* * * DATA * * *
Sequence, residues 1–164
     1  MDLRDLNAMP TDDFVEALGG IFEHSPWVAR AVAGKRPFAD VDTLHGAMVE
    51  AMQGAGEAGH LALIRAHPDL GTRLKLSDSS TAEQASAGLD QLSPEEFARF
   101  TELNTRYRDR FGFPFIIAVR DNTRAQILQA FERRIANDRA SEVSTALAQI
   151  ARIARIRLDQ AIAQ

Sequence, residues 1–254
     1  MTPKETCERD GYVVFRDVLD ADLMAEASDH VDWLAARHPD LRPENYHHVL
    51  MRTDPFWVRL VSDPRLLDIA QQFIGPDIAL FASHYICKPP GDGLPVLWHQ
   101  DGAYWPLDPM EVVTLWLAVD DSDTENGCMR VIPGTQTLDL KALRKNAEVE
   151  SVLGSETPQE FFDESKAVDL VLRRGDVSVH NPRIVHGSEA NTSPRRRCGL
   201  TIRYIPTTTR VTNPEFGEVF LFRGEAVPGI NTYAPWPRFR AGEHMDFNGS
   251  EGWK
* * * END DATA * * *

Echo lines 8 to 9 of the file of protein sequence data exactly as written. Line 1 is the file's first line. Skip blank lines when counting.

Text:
    51  MRTDPFWVRL VSDPRLLDIA QQFIGPDIAL FASHYICKPP GDGLPVLWHQ
   101  DGAYWPLDPM EVVTLWLAVD DSDTENGCMR VIPGTQTLDL KALRKNAEVE